The Croc-Lizard Split (Ezcurra et al. 2014)

A new PLOSOne paper
by Ezcurra et al. 2014) provides “new data on early saurian evolution including osteohistology, and present a new morphological phylogenetic dataset. We support previous studies that find that no valid Permian record for Lepidosauromorpha, and we also reject some of the previous referrals of Permian specimens to Archosauromorpha.”

Here’s their tree (Fig.1, color added to show lepido/archo division according to the large reptile tree):

Figure 1. Tree recovered by Ezcurra et al. Colored areas are based on the large reptile tree, the new Lepidosauromorpha (pink) and the new Archosauromorpha (baby blue).

Figure 1. Tree recovered by Ezcurra et al. Colored areas are based on the large reptile tree, the new Lepidosauromorpha (pink) and the new Archosauromorpha (baby blue). This tree minimized the strange bedfellow problem, but still has issues.

The Ezcurra et al. tree is completely resolved. They dropped the rhynchosaur, Hyperodapedon, from the inclusion set, “because its advanced morphology is not congruent with that observed in basal members of the group  (Mesosuchus browni, Howesia browni, Noteosuchus colletti) and the absence of species linking these basal forms and Hyperodapedon could cause artifacts in the optimization of characters within Archosauromorpha.”

Let’s test the Ezcurra tree.

Figure 2. The large reptile tree pruned to match (as closely as possible) the taxon list from Ezcurra et al. Note the two branches found by the large reptile tree are here intertwined, as in the Ezcurra tree. This is due to taxon exclusion.

Figure 2. The large reptile tree pruned to match (as closely as possible) the taxon list from Ezcurra et al. Note the two branches found by the large reptile tree are here intertwined, as in the Ezcurra tree. This is due to taxon exclusion.

When the large reptile tree is reduced to the Ezcurra et al. taxon list (Fig. 2), a similar but not the same tree is produced. I had to make Tseajaia the outgroup, but that’s okay. It is just as primitive as Captorhinus, but certainly not the most primitive reptile.

Also of interest is a similar intertwining of Lepidosaurmorphs and Archosauromorphs in complete resolution. So these taxa do not reveal the diphyletic nature of the Reptilia. This is probably so because basal reptiles and their outgroups are not included.

Here (Fig. 2) many dozens of reptiles are excluded, roughly 90% from the large reptile tree. To their credit no suprageneric taxa were employed.

Why is this so?
The large reptile tree has a Homoplasy Index (HI) over 90%. That means massive convergence. That’s just the reality of the situation. That’s why you need a computer to figure it out.

Two cases in point: 
Caseids, typically and traditionally nest with varanopids, ophiacodontids and other pelycosaurs. But when given the opportunity, as in the large reptile tree, they nest with millerettids, including Eunotosaurus, bolosaurids and Acleistorhinus, all of which also have a lateral temporal fenestra.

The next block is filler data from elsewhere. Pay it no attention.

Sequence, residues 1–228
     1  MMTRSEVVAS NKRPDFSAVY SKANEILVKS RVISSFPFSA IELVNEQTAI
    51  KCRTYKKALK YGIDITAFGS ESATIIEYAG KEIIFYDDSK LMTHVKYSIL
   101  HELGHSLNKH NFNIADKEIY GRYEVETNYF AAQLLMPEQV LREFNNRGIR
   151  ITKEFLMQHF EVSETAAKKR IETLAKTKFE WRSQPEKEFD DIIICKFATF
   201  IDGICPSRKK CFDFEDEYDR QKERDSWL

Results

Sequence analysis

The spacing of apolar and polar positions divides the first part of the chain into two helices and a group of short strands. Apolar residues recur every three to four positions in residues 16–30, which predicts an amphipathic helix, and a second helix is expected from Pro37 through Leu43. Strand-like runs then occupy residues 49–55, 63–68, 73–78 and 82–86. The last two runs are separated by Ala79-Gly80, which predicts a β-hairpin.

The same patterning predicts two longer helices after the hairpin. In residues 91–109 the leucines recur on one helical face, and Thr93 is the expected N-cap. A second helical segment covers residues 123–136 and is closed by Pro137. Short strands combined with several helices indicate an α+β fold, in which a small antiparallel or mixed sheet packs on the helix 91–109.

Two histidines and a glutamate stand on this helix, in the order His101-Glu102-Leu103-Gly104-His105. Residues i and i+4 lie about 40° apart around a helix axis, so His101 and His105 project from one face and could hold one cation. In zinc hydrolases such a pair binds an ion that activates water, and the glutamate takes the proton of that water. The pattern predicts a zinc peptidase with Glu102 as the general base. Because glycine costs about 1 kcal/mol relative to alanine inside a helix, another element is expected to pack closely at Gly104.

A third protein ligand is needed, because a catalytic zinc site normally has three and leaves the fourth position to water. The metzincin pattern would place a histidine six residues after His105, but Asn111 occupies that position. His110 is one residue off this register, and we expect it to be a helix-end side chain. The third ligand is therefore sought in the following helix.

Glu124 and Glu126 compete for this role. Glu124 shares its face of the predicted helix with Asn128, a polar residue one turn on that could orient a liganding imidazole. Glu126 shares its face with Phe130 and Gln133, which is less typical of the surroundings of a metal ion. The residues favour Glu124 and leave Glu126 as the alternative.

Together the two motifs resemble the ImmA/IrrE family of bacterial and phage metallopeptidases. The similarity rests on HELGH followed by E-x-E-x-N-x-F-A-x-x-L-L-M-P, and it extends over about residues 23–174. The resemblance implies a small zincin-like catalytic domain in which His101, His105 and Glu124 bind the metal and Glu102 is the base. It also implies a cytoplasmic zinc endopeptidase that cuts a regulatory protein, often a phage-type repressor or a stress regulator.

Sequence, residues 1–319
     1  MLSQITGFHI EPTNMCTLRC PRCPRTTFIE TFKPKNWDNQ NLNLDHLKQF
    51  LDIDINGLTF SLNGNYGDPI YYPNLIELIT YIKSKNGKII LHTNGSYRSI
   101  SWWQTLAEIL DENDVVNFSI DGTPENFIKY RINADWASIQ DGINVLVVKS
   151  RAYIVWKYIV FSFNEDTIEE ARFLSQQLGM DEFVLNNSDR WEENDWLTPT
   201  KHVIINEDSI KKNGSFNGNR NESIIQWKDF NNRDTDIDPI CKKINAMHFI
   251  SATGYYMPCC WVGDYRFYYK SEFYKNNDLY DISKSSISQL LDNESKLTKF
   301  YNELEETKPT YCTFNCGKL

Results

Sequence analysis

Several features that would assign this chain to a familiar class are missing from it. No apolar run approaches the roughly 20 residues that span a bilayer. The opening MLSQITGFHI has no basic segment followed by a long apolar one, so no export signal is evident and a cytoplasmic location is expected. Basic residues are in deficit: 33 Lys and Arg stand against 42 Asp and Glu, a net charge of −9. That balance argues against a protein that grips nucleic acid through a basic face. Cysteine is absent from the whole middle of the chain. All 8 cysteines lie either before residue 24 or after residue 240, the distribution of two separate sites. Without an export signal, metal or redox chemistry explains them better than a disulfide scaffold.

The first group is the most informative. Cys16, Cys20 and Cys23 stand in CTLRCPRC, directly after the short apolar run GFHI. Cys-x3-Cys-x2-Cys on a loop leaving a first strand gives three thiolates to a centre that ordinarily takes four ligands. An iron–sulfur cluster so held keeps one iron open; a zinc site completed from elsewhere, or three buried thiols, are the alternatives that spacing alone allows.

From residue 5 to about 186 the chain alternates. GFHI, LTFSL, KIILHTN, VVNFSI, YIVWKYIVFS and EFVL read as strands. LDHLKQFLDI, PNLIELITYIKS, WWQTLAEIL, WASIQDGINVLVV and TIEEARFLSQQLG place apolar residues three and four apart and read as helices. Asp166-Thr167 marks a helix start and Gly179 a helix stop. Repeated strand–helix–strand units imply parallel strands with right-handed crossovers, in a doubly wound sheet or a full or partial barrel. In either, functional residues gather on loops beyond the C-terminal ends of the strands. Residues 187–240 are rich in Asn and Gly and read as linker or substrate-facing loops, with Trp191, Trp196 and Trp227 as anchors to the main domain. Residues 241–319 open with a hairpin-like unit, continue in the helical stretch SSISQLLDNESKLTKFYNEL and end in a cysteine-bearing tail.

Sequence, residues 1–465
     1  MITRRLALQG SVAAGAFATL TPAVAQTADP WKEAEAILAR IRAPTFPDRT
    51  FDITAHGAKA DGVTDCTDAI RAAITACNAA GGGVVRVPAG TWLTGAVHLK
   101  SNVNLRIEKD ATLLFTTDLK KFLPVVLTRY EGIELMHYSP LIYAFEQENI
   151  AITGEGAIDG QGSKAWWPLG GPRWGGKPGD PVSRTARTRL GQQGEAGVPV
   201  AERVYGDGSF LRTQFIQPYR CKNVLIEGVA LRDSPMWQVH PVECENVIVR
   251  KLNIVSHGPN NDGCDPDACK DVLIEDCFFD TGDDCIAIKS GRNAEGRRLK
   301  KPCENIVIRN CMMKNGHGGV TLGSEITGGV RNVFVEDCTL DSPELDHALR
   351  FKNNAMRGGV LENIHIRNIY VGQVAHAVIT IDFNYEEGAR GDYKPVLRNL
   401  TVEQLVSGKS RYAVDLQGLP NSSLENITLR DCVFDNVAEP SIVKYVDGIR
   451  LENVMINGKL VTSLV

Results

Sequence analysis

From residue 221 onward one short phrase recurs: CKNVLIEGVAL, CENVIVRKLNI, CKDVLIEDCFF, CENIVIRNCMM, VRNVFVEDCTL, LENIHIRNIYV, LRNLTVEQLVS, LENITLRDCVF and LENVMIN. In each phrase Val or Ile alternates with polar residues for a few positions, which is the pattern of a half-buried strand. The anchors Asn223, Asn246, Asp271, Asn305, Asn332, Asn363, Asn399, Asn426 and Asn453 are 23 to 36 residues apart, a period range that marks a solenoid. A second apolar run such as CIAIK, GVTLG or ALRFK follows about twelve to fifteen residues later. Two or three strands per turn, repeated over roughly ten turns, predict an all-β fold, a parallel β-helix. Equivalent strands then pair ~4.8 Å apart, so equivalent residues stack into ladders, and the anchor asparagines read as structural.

Pterosaurs, typically and traditionally nest with archosaurs. But when given the opportunity, as in the large reptile tree, they nest with fenestrasaurs, within the Lepidosauria and outside the Squamata.

The case has to be made
that 366 taxa trumps 36 taxa, offering 10x more opportunities to nest where parsimony is maximized and a priori exclusions are minimized. The large reptile tree may not be the last word on reptile systematics, but it greatly increases the confidence level that the tree echoes actual evolutionary events.

Adding taxa adds insight.

In the Ezcurra tree
1. Diapsids arose from anapsids, like Paleothyris and Captorhinus, evidently without transitional taxa.
2. Coelurosauravus is derived from taxa with a diapsid skull morphology
3. Lepidosaurs lost the lower temporal bar
4. Trilophosaurus and Mesosuchus are derived from protorosaurs
5. Prolacerta is not closely related to Protorosaurus
6. Mesosuchus is not related to rhynchochephalians

Major convergence found by the large reptile tree:
1. Tanystropheids and protorosaurs
2. Youngina and rhynchocephalia
3. Caseasauria and basal synapsida

The large reptile tree does not shy away from nesting any taxa, including the rhynchosaur, Hyperodapedon.

Permian Lepidosaurormorphs?
The large reptile tree found at least two Permian lepidosauromorphs: the oldest known lepidosauriform is Lanthanolania of the Middle Permian, which means its phylogenetic predecessor, Paliguana, must have been older still. Coelurosauravus is also a lepidosauriform. The oldest lepidosaurs I have tested are Lacertulus and the Ascendonanus, both from the Late Permian.

Finally, 
The large reptile tree found the croc-lizard split to happen shortly after the origin of the amniote egg, long before all of the taxa listed by Ezcurra et al. appeared.

References
Ezcurra MD, Scheyer TM and Butler RJ 2014. The Origin and Early Evolution of Sauria: Reassessing the Permian Saurian Fossil Record and the Timing of the Crocodile-Lizard Divergence. PLoS ONE 9(2): e89165. doi:10.1371/journal.pone.0089165

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